June 9, 2005


The 'Third Tier' Years (Richard Cohen, June 7, 2005, Washington Post)

Not too long ago I went up to Harlem to see Bill Clinton. Our talk was off the record, so I cannot tell you what he said, but I can say -- can't I? -- that he was smart and encyclopedic and wise and knowledgeable. As always, I was impressed, but then, shortly afterward, I read "The Survivor," John Harris's smoothly readable new book about the Clinton presidency, and I could hear the air going out of a balloon and the soft, weary voice of Peggy Lee singing, "Is that all there is?" In Clinton's case the answer apparently is yes.

It's hard to describe the disconnect, the contrast, between Bill Clinton the man and Bill Clinton's two-term presidency. The charm, the brilliance, the sureness and all the rest somehow produced a presidency that never lived up to its potential. I say that with considerable reluctance, since to give Clinton no better than a grade of C is, somehow, to legitimize his critics. That is more than I intend -- and much more than they deserve.

But Harris has written a brief that is hard to ignore. It does not come this time from either a Clinton partisan or enemy but from a Post reporter who covered his presidency and whose fairness -- he has no dog in the fight about Clinton -- cannot be doubted. His, in fact, is the first book about the Clinton presidency that comes from an objective journalist or historian. As such, it is bound to set the standard for those that follow.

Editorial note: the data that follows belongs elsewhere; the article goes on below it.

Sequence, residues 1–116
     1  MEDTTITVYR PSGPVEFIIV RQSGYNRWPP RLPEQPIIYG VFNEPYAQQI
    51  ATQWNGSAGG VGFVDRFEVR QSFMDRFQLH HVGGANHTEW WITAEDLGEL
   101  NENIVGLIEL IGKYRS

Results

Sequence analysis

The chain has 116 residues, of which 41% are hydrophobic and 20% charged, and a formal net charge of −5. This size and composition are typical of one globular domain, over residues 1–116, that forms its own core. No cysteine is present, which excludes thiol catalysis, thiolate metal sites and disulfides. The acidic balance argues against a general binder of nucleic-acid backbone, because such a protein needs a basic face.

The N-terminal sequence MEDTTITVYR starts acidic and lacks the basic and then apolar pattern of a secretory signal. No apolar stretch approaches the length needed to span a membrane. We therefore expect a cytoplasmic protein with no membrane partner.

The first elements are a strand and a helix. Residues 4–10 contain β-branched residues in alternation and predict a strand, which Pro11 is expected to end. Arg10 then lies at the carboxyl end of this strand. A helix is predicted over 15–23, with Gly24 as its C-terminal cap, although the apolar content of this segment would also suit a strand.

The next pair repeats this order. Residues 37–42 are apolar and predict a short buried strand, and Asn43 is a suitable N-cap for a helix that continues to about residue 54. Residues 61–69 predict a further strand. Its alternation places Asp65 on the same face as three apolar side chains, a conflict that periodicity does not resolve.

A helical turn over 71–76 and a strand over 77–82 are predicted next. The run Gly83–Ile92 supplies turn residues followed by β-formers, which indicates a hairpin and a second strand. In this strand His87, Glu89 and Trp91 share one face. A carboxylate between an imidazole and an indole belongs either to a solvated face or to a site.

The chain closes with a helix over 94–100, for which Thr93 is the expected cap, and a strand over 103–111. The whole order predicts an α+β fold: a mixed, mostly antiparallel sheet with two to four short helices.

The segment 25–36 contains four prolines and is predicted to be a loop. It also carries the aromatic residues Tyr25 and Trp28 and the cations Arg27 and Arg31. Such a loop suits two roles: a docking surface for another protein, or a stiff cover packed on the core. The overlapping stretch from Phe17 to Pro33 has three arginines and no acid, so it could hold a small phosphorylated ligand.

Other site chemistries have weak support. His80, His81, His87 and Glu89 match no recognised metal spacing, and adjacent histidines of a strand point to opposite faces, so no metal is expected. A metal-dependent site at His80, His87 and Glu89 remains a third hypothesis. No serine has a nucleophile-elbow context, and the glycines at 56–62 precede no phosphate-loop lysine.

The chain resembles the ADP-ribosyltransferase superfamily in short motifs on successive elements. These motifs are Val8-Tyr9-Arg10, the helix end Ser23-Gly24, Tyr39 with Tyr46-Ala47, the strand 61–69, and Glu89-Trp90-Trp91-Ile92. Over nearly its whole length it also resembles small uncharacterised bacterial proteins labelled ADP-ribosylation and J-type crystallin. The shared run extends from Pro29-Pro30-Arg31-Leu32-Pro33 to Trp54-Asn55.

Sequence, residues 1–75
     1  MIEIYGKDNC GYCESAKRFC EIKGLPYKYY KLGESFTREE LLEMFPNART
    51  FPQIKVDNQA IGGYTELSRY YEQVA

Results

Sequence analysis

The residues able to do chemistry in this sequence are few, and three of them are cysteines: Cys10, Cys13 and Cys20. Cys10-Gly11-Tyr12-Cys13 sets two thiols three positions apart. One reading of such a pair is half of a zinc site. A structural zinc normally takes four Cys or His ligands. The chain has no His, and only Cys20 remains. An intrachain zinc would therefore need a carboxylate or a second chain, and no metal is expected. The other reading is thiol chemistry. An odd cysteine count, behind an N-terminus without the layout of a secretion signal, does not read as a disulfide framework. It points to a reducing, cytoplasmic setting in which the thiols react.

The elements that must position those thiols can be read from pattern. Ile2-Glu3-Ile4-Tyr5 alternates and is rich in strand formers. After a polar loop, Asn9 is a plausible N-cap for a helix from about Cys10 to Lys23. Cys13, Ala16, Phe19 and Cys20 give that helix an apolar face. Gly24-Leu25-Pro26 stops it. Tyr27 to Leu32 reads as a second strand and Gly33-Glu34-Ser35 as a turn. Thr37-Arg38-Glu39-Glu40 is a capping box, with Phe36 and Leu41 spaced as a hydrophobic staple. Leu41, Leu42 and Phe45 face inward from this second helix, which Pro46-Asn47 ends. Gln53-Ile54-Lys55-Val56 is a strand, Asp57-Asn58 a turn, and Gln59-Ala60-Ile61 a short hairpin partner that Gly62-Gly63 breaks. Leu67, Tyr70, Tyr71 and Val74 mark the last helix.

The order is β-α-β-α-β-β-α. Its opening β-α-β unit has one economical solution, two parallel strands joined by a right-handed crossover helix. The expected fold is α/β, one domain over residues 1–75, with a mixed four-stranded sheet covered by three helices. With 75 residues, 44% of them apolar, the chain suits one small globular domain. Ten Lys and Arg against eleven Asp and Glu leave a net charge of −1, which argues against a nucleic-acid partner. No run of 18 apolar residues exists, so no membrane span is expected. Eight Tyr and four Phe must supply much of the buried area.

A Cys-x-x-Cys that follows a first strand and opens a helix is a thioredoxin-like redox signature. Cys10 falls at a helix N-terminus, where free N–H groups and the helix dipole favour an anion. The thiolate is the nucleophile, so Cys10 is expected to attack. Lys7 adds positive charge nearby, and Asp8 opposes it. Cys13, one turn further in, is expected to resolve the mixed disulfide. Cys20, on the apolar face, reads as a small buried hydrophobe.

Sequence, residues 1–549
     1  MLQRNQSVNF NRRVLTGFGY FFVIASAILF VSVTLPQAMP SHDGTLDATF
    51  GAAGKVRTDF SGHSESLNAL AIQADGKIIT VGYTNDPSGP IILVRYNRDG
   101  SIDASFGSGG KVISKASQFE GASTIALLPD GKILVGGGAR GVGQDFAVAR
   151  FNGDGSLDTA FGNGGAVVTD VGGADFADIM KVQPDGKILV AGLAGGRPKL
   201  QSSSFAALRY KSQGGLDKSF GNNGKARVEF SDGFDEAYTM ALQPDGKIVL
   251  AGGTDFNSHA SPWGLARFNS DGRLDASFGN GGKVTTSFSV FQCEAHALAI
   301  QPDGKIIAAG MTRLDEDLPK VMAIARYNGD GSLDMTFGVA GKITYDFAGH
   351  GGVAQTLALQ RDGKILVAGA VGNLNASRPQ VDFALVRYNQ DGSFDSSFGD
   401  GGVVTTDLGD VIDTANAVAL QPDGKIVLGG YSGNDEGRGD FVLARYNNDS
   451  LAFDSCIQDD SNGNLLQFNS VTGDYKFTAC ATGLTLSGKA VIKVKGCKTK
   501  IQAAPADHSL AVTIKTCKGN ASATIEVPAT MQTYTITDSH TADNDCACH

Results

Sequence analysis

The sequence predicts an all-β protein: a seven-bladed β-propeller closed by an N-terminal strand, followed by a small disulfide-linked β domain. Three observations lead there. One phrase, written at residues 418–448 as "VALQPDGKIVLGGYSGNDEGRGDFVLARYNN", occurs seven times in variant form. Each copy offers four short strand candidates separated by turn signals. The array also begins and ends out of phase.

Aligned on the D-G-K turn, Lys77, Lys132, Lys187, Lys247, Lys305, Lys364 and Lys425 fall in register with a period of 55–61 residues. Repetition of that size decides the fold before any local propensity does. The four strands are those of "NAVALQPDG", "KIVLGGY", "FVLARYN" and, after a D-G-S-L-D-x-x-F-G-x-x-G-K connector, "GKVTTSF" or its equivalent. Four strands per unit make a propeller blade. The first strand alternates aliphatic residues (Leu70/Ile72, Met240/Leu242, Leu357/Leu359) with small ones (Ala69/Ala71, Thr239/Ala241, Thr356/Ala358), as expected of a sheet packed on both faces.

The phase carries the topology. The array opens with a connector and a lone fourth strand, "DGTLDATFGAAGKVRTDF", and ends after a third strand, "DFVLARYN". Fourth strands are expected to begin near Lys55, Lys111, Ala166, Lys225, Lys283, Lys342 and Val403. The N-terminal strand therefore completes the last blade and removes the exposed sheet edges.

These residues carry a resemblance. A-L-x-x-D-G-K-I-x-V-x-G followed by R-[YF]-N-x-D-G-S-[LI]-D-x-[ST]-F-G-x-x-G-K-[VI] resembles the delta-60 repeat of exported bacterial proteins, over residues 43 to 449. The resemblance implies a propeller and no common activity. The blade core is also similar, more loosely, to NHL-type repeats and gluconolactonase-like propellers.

If so, the initial historical ranking of Clinton will be pretty much what Dick Morris said it would be back in 1996. In one of his routine phone calls to the president, Morris said he had been thinking about Clinton's place in history. Of the 40 men who had preceded Clinton, Morris said, only 18 had truly made history and only five of those -- Washington, Jefferson, Lincoln, Wilson and FDR -- qualified as "first tier." As for Clinton, Morris had to tell his friend he was "borderline third tier." Nothing that happened in the next four years moved Clinton up.

Wilson? Even Bill Clinton was a much better president than Wilson. Mr, Clinton was our era's Grover Cleveland--a moderate Democrat aberration in the midst of a Republican epoch.

Posted by Orrin Judd at June 9, 2005 3:38 PM

I thought of Clinton as the Democratic version of Warren G. Harding. Harding said before his nomination: "America's present need is not heroics, but healing; not nostrums, but normalcy; not revolution, but restoration ...," which certainly sounds Clintonesque. A Democratic leader, William Gibbs McAdoo, called Harding's speeches "an army of pompous phrases moving across the landscape in search of an idea." Harding's administration was riddled with scandal, like Clinton's.

Posted by: jd watson at June 9, 2005 9:00 PM

I thought Clinton was the least president of the Democratic epoch starting.

Posted by: Governor Breck at June 9, 2005 10:05 PM

Wait, let me try again:
I thought Clinton was the last president of the Democratic epoch.

Posted by: Governor Breck at June 9, 2005 10:07 PM


Your first was just as correct. Carter and LBJ may have wreaked havoc on the Republic (and the world), but Clinton merely floated on through his era, leaving the least impression of all.

Posted by: jim hamlen at June 9, 2005 10:21 PM

He and Evita are the epitome of 60s boomers, all about me Marxist.

Posted by: Sandy P. at June 9, 2005 11:15 PM


In a few years you'll back and it may well be that even Carter is seen as an aberration in a GOP epoch.

Posted by: oj at June 10, 2005 12:19 AM
« HUTS? (via bboys): | Main | BIOLOGY'S BELLARMINES (via Robert Schwartz): »